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δημοκρατίαν—object of ἔγνων, but in sense subj. of ἄρχειν. ἀδύνατον, ‘incapable of,’ the neut. as in Homer's οὐκ ἀγαθὸν πολυκοιρανίη. ἐν—of the cause.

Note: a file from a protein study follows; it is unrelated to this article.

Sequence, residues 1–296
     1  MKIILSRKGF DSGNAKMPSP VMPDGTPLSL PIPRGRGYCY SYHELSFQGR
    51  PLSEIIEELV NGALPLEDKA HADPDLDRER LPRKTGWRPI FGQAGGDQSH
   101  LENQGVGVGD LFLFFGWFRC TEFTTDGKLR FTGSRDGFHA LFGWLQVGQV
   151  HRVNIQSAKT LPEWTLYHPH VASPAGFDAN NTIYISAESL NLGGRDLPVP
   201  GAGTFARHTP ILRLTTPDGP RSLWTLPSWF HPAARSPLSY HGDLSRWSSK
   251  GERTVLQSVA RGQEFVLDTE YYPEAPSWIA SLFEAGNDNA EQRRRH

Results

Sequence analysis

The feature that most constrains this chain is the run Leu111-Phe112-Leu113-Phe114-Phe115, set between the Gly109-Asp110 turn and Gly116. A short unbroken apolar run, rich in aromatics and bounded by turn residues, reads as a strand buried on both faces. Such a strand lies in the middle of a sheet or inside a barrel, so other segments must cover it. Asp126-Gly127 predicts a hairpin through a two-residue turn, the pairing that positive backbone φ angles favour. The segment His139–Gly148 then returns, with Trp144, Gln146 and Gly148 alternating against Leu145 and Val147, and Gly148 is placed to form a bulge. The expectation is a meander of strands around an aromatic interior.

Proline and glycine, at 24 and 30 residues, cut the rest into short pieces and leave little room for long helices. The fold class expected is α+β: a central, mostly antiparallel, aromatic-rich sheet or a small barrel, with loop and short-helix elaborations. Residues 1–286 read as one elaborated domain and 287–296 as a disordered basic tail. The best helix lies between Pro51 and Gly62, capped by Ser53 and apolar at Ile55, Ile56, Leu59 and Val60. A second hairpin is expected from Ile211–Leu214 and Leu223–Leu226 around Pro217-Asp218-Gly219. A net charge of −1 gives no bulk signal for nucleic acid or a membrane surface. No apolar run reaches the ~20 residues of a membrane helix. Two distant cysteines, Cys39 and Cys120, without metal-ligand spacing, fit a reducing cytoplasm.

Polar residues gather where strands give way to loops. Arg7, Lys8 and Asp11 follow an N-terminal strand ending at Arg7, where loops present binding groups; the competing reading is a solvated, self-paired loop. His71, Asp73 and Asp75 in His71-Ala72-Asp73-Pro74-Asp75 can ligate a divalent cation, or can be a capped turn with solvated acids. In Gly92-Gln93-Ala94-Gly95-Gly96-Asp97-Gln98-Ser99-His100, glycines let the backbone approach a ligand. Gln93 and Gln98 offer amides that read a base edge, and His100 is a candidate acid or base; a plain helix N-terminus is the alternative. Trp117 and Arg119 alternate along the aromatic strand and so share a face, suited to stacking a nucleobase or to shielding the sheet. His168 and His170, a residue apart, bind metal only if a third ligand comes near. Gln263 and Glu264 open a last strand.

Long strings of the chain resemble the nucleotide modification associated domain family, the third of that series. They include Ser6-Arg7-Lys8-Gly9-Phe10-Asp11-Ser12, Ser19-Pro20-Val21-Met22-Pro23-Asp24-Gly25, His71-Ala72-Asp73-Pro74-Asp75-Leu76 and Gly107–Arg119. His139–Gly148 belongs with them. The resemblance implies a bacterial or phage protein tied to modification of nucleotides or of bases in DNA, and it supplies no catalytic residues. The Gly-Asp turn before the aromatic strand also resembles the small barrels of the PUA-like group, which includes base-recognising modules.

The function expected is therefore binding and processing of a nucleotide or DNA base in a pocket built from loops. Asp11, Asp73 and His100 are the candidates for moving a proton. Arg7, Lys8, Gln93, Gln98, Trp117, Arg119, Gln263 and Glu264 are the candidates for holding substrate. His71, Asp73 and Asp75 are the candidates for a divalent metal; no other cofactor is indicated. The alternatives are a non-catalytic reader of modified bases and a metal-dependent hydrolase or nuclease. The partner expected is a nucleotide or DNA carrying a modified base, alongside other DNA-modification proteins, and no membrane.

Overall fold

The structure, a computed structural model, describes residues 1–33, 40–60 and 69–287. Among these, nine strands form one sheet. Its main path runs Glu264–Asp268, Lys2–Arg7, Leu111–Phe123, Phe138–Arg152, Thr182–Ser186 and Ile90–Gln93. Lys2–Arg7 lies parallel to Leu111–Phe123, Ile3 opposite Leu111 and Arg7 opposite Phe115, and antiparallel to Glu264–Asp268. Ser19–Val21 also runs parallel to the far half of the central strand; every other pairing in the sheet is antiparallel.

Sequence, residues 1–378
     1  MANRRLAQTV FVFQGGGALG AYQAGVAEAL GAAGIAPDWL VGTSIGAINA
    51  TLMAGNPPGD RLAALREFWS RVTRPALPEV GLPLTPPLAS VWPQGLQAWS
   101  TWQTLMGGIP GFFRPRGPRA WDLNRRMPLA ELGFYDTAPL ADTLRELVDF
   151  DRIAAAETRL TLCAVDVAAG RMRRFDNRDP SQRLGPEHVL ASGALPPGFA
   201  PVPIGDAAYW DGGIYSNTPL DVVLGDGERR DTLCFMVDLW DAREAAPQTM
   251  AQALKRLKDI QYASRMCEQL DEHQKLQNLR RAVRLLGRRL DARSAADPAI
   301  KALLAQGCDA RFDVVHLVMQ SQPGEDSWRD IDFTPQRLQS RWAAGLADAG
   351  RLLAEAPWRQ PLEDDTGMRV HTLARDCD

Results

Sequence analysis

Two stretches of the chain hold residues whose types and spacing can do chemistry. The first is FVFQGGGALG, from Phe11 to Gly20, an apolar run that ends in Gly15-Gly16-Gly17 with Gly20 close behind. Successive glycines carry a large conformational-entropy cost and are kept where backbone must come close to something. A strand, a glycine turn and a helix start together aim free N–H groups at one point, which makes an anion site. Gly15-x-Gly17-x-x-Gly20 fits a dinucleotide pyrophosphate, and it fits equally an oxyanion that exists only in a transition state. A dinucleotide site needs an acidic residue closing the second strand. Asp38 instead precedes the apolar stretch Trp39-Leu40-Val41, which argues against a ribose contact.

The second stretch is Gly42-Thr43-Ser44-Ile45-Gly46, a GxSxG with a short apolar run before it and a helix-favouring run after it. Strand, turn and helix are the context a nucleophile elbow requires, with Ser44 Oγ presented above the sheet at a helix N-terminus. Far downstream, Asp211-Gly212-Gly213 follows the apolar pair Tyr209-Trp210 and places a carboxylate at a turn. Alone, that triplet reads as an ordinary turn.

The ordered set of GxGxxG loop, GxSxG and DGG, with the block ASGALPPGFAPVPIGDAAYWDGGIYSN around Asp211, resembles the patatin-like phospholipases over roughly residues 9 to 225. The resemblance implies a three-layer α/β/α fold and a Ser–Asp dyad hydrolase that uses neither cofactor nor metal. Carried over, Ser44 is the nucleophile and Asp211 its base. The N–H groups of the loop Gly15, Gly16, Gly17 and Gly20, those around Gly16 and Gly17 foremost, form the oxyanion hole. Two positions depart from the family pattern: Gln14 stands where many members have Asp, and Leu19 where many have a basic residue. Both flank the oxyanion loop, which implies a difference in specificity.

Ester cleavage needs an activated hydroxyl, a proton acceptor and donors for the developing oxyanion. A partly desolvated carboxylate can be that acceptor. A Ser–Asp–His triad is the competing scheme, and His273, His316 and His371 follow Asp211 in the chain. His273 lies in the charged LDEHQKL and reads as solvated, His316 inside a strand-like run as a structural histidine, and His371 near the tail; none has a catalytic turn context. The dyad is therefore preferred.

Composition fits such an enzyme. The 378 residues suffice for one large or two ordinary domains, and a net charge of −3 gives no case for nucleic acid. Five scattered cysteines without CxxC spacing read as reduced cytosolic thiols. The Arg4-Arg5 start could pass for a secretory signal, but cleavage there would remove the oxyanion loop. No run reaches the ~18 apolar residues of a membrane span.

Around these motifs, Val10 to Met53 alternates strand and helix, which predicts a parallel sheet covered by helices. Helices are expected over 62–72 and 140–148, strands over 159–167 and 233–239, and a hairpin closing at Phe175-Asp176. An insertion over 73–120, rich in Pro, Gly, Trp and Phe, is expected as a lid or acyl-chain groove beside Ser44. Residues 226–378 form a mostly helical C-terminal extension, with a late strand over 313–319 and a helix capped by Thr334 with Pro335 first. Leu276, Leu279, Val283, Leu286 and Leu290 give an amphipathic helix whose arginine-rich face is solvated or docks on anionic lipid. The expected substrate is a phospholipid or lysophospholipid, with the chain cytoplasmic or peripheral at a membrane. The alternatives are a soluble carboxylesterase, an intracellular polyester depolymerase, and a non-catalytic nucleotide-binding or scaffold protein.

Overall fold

ἀδεὲς καὶ ἀνεπιβούλευτον give the same thing from two sides: you neither fear your neighbour nor cause him to fear you. ὅ τι ἂν . . ἁμάρτητε ἢ . . ἐνδῶτε—we know too little of the working of the Athenian empire to specify acts of clemency on the part of Athens. From what we do know we should say that Athens was severe enough; but we must remember that the standard of the times was very different from ours: any right that Athens did not take from her allies she regarded as a privilege granted to them. οἴκτῳ is parallel to λόγῳ πεισθέντες; supply αὐτοῖς to ἐνδῶτε. ἐπικινδύνως . . ἐς ὑμᾶς—the emphasis is on this: hence the disloeation of the order. Tr. ‘you think that such weakness does not . . bring danger to you.’ οὐκ ἐς τὴν . . χάριν—‘without gaining the gratitude’; they take a concession as a sign of weakness. τυραννίδα ἔχετε τὴν ἀρχήν—repeating words attributed to Pericles at II. 63. καὶ πρὸς . . ἀρχομένους—paralleI to τυραννίδα, the constr. with πρός (after ἀρχή) like φιλία or πόλεμος πρός. οἵ—very weakly supported by MS. evidence. There is a similar case at IV. 10, where the MSS. give τὸ δυσέμβατον ἡμέτερον νομίζω: μενόντων μὲν ἡμῶν ξύμμαχον γίγνεται, but Dionysius quotes the passage with ὃ μενόντων etc. Without the rel., we must assume an epexegesis of ἄκοντας ἀρχομένους with asyndeton. ἐξ ὧν . . περιγένησθε—for ἐξ ἐκείνων ἄ, internal accus. to π., ‘as a consequence of the superiority you have established over them by strength (hinting at the successive reductions to the status of tributary subjects) and not by their willing obedience.’ εὔνοια as Arist. Eth. IX. 5, 3 says, δι᾽ ἀρετὴν καὶ ἐπιείκειάν τινα γίνεται, ὅταν τῳ φανῇ καλός τις ἢ ἀνδρεῖος.